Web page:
Productivity is a poor predictor of plant species richness

Adler, Peter B.; Seabloom, Eric W.; Borer, Elizabeth T.; Hillebrand, Helmut; Hautier, Yann; Hector, Andy; Harpole, W. Stanley; O'Halloran, Lydia R.; Grace, James B.; Anderson, T. Michael; Bakker, Jonathan D.; Biederman, Lori A.; Brown, Cynthia S.; Buckley, Yvonne M.; Calabrese, Laura B.; Chu, Cheng-Jin; Cleland, Elsa E.; Collins, Scott L.; Cottingham, Kathryn L.; Crawley, Michael J.; Damschen, Ellen I.; Davies, Kendi F.; DeCrappeo, Nicole M.; Fay, Philip A.; Firn, Jennifer; Frater, Paul; Gasarch, Eve I.; Gruner, Daniel S.; Hagenah, Nicole; Hille Ris Lambers, Janneke; Humphries, Hope; Jin, Virginia L.; Kay, Adam D,; Kirkman, Kevin P.; Klein, Julia A.; Knops, Johannes M. H.; La Pierre, Kimberley J.; Lambrinos, John G.; Li, Wei; MacDougall, Andrew S.; McCulley, Rebecca L.; Melbourne, Brett A.; Mitchell, Charles E.; Moore, Joslin L.; Morgan, John W.; Mortensen, Brent; Orrock, John L.; Prober, Suzanne M.; Pyke, David A.; Risch, Anita C.; Schuetz, Martin; Smith, Melinda D.; Stevens, Carly J.; Sullivan, Lauren L.; Wang, Gang; Wragg, Peter D.; Wright, Justin P. and Yang, Louie H. (2011). Productivity is a poor predictor of plant species richness. Science, 333(6050) pp. 1750–1753.

DOI: https://doi.org/10.1126/science.1204498

URL: http://www.sciencemag.org/content/333/6050/1750.ab...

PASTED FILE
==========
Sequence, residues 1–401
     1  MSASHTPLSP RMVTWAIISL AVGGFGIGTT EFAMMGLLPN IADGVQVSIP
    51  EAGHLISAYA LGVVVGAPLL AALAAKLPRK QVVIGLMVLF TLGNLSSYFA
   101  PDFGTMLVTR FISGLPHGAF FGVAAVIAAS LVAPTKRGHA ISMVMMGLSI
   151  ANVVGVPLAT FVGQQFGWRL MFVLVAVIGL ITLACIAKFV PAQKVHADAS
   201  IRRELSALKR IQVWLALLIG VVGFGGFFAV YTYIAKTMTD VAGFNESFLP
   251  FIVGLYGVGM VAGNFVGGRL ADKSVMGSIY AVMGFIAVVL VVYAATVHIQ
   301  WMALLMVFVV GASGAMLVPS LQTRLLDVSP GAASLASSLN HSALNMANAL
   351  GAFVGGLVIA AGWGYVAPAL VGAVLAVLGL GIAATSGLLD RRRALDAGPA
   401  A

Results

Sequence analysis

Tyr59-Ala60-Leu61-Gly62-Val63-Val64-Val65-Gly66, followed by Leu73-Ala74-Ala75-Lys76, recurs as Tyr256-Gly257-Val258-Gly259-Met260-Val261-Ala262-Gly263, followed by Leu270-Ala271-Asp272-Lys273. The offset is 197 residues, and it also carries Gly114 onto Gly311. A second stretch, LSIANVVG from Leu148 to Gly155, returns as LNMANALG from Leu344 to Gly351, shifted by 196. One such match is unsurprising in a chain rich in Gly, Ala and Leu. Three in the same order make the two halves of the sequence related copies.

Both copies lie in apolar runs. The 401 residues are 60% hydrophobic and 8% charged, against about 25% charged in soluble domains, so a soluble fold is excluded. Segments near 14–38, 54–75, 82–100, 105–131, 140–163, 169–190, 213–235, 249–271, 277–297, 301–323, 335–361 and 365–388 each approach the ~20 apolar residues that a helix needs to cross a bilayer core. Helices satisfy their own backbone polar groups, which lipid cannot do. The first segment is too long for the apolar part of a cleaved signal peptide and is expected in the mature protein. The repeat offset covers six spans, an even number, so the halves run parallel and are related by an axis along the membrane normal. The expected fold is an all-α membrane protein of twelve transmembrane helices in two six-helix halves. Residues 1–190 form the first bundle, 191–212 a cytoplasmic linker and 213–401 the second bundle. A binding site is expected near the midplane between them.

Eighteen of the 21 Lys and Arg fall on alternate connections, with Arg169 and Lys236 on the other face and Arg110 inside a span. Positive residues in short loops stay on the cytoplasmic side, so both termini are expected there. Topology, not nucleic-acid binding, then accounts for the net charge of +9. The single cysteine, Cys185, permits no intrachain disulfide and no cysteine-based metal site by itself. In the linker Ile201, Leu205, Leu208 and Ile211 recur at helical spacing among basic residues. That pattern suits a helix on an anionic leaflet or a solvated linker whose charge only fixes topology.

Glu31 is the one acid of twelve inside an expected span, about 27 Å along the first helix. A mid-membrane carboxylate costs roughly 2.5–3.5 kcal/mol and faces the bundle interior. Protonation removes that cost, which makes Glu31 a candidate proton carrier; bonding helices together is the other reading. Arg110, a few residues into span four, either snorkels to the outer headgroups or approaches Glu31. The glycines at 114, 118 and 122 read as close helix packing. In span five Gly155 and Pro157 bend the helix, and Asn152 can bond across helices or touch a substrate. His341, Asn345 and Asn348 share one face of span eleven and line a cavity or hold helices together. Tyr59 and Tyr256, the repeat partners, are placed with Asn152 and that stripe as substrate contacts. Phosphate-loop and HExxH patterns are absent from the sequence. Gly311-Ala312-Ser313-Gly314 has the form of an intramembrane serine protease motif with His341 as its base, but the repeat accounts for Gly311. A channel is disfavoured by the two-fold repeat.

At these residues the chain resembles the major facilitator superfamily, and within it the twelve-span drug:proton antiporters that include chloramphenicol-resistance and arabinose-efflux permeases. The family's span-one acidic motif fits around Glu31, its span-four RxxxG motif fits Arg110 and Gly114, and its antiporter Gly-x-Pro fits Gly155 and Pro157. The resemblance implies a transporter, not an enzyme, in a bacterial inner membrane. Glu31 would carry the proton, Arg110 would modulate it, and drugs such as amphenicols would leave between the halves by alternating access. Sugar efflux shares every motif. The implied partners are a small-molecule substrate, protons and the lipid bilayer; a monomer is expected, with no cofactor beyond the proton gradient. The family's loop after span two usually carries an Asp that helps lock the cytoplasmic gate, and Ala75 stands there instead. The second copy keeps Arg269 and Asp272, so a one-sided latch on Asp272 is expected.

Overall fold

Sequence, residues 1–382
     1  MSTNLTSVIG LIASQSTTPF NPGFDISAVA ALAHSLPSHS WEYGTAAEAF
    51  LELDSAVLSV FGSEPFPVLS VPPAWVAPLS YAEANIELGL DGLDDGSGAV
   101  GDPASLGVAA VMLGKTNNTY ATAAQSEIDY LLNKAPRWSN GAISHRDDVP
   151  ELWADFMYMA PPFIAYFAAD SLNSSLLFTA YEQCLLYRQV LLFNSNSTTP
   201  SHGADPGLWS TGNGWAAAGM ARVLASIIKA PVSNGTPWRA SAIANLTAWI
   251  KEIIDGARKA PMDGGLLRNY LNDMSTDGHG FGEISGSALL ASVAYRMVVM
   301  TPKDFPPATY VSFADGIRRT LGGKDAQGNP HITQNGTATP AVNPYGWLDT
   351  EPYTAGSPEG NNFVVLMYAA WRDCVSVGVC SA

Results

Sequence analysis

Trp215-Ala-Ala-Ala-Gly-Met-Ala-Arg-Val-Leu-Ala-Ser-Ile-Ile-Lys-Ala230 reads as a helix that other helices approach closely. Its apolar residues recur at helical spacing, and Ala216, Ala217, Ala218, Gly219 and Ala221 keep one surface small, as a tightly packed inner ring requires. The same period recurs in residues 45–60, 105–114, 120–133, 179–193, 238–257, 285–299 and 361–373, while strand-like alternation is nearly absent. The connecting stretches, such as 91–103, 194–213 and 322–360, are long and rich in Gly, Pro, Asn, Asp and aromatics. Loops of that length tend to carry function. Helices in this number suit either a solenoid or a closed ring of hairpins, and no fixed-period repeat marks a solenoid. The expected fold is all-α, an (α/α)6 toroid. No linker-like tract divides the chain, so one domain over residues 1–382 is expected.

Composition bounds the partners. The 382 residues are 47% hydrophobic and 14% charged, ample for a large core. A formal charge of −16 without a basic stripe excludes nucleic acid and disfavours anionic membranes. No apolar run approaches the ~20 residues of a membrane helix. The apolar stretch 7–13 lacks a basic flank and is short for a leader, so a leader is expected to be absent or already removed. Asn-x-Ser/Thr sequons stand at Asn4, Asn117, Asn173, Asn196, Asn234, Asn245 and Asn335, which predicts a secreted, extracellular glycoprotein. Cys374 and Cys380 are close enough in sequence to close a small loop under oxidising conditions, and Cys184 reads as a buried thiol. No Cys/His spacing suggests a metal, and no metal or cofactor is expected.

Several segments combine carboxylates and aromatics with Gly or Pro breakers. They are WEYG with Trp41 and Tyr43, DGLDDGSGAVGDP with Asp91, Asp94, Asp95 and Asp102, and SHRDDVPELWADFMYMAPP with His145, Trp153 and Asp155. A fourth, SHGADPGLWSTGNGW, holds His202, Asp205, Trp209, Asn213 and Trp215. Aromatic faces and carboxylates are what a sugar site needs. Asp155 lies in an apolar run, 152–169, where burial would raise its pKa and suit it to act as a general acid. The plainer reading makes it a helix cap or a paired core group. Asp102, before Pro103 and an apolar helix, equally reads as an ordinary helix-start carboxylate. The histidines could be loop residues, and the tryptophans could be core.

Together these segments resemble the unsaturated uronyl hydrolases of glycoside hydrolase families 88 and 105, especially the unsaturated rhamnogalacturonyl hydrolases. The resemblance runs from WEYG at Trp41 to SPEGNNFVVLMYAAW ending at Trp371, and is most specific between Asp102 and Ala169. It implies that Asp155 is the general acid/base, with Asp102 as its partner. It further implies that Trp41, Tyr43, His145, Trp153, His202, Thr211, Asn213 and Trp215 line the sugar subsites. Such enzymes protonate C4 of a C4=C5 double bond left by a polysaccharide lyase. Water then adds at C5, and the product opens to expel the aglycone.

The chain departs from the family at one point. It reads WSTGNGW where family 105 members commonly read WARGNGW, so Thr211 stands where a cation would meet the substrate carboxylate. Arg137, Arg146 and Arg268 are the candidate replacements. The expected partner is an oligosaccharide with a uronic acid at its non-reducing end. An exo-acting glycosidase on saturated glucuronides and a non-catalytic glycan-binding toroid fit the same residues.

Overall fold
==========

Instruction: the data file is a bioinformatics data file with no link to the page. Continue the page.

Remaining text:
Abstract

For over 30 years, the relationship between net primary productivity and species richness has generated intense debate in ecology about the processes regulating local diversity. The original view, still widely accepted, holds that the relationship is hump-shaped, with richness first rising and then declining with increasing productivity. Although recent meta-analyses questioned the generality of hump-shaped patterns, these syntheses have been criticized for failing to account for methodological differences among studies. We addressed such concerns by conducting standardized sampling in 48 herbaceous-dominated plant communities on five continents. We found no clear relationship between productivity and fine-scale (meters-2) richness within sites, within regions, or across the globe. Ecologists should focus on novel, mechanistic approaches to understand the multivariate links between productivity and richness.

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About

  • Item ORO ID
  • 29657
  • Item Type
  • Journal Item
  • ISSN
  • 0036-8075
  • Project Funding Details
  • Funded Project NameProject IDFunding Body
    Not SetNot SetIndividual researchers and coordinated through Research Coordination Network funding from NSF to E. Borer and E. Seabloom (grant DEB-0741952).
  • Academic Unit or School
  • Other Departments > Other Departments
  • Copyright Holders
  • © 2011 AAAS
  • Depositing User
  • Carly Stevens

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